“Hi, my name is Wes and I am a fashion victim,” I imagine myself saying in about ten years from now, to a room full of impoverished people wearing couture on their bodies and vacant expressions on their faces. “Hi Wes,” they’ll say back, in a voice as empty as their bank accounts. It’s the scene of my first Shopaholics Anonymous meeting, a place where people with no money and an affinity for designer labels go to commiserate and heal. I picture myself with tears in my eyes as I explain to the group how I got there, how I became a Fendi-wearing homeless person. This vision of my future haunts me all the time: when I’m trying on new jeans at Barney’s, when I run my fingers over the silks at Hermès, and every time I so much as glance at a leather-good under glass at Saks. This vision is grim, and yet no matter how vivid it becomes, I can’t help but be a label whore!
I know you’re not supposed to obsess over material things, but I think anyone who has a case of fashion fever would tell you that it’s not caused entirely by an obsession with the clothes themselves. When you wrap a Burberry scarf around your neck, it’s not just cashmere keeping you warm, it’s sophistication; when you button up your Armani power suit, you’re wearing authority in addition to a jacket; and when you slide your feet into those perfect pair of Louboutins, you’re walking on sex appeal. It’s that fantasy of a glamorous and beautiful life that has you opening a second credit card at Neiman Marcus, it’s momentarily fulfilling the romantic notion of the way things should be, should feel, should look, that slaps a giant smile across your face when you march out of Prada with a bag in each hand. For fashionphiles, buying an amazing new outfit can feel as electrifying as falling in love.
Throughout the course of my life as a full blown shopping addict, some friends and family members have made it a point to express their horror upon learning the price I pay for a pair of Tom Ford sunglasses or a t-shirt from Alexander McQueen, but to me the expense has always felt worth it. I’m paying for the luxury of not having to worry about my clothes, because I know they all make me feel good, like the best possible version of myself. My hair might be a mess and I can’t always keep my skin from breaking out, but the clothes? They’re reliable. My sister doesn’t understand this at all and always asks me, snidely, “Wouldn’t you rather buy a whole closet full of new clothes instead of one stupid [coat/wallet/pair of shoes]?”
Nope, I wouldn’t. I find that the super cheap stuff never lasts as long, and I certainly don’t feel happy buying or wearing it. Sure, under this shopping modus operandi I may not get to buy new things very often (as I am about as far as one can get from being a millionaire) and I don’t get the gratification of frequent shopping; but when I do make a purchase, it always feels a little bit magical to me. And that’s what I want for my love life as well.
Although fashion enthusiasts are often pegged as stupid and superficial, I’d like to argue that we know a lot about love, and about what it means to want something special. We pick men the same way we pick out a new designer bag: with great thought and consideration, and the sincere belief that it’s going to last a while. While we could very easily fill our closets, or the space between our bed sheets, with a lot of cheap and easy not-so-special somethings, we hold out for the thing that makes our hearts flutter with excitement and pride. In the same way we’d never tote a bedazzled pleather clutch in last season’s color, we’d never hold onto a guy we’d never want to be seen with in public. Our standards are just a little bit too high, and that’s just where we like them.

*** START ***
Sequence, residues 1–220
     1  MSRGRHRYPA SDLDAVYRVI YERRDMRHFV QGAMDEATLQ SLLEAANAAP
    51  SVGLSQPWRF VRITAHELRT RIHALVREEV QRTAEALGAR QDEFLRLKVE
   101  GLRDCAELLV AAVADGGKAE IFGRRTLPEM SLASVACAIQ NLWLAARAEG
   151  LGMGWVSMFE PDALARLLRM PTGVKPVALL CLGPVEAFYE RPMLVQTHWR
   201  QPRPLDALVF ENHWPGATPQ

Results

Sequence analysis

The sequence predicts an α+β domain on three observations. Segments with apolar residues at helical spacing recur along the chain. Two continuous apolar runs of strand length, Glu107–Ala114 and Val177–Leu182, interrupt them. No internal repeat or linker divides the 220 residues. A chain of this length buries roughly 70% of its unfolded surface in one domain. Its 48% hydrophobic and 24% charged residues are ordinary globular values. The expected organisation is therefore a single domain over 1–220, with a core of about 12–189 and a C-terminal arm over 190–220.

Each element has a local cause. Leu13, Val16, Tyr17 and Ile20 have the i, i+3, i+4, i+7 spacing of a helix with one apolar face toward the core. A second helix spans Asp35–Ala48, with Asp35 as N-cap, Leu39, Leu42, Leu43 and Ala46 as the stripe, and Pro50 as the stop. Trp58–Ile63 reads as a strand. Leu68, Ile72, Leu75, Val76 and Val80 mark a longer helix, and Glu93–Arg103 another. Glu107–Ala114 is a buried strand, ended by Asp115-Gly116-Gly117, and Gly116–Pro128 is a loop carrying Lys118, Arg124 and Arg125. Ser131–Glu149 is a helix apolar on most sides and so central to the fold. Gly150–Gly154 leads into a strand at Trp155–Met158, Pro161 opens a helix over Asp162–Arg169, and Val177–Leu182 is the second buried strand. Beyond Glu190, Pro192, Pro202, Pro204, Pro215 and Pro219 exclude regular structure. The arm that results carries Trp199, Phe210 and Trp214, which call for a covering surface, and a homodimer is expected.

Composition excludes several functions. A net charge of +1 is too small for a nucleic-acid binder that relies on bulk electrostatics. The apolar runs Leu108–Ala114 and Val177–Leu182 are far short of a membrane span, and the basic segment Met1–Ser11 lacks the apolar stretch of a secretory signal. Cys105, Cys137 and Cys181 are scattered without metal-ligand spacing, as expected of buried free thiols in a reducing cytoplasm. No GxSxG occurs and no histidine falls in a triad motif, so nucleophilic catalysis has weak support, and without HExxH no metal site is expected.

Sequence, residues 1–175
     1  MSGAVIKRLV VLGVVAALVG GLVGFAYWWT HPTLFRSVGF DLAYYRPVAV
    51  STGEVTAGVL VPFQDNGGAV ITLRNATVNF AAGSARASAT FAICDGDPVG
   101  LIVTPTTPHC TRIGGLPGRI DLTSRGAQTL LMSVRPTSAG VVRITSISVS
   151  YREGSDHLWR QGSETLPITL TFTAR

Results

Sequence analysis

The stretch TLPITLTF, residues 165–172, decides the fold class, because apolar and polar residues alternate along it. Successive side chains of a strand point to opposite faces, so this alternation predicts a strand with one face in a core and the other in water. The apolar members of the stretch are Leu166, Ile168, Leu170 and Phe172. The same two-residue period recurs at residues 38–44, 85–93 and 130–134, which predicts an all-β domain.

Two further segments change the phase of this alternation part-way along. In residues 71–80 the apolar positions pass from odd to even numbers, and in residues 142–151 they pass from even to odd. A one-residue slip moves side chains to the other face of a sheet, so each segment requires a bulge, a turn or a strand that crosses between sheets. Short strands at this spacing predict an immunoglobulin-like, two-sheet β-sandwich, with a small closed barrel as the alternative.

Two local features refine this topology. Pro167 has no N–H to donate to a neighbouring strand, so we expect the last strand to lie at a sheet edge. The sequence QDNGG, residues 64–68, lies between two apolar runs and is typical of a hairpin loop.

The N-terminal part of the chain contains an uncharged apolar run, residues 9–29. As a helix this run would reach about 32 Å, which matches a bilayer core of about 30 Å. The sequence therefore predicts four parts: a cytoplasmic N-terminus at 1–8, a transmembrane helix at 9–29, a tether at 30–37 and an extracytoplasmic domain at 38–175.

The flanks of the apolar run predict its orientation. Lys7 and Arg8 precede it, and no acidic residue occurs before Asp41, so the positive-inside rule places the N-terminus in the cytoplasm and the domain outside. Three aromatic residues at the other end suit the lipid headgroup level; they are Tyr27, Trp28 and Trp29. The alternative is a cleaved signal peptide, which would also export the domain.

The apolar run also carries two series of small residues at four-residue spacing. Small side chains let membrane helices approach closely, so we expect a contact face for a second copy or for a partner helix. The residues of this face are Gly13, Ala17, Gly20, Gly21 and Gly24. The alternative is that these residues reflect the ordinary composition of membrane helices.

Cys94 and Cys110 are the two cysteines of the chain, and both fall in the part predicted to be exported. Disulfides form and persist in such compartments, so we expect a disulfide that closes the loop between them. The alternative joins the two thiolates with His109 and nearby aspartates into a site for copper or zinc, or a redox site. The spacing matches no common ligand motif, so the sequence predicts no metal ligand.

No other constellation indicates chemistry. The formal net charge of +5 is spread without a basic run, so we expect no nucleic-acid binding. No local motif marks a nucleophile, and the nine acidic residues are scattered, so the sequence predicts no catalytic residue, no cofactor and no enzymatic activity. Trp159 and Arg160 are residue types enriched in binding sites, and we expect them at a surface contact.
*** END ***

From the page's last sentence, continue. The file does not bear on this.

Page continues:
I suppose I feel like somewhere along the line, my designer duds (and the ridicule they have sometimes brought me), taught me a lesson about who I am and what I want. If my Gucci loafers get worn through the sole, I know it’s worth the cost to have them fixed, and if my relationship is wearing thin, I want it to be worth the effort it will take to make it better. I’ve never been one to buy an outfit just because a friend told me it looked okay, and I don’t want to date a guy just because someone bothered to set us up. Life is too short and too messy to force yourself into things that aren’t flattering. I want my relationship to feel effortless, like slipping into a pair of J Brand jeans that fit just right – hold you tight in some places and give you room to breathe in others.
Of course, every once and a while, you buy an outfit that looks a lot better in the dressing room than it does out in the world, and sometimes even the most durable items get so beat up that they need to be tossed, and I realize the same thing happens with boyfriends. Some guys are not what you thought they were, others wear thin, and some are outgrown all together. But at one point in time, I’d hope they’d all feel at least a little bit special.
My belief in this philosophy of love, that carries over from clothes to people, is why, when I imagine myself walking home from that first Shopaholics Anonymous meeting to my cardboard box on Madison & 5th, I imagine someone will be there holding my hand. This person will know about my ailment, will have declared “for richer or for poorer” (knowing full well it was going to be poorer), and will have decided to love me anyway. And I’ll love him right back… even more than I’ll love the sparkly Tiffany rings I’ll max out my last credit card to put on both of our fingers. Because some things in life are just a little too special to get at a discount.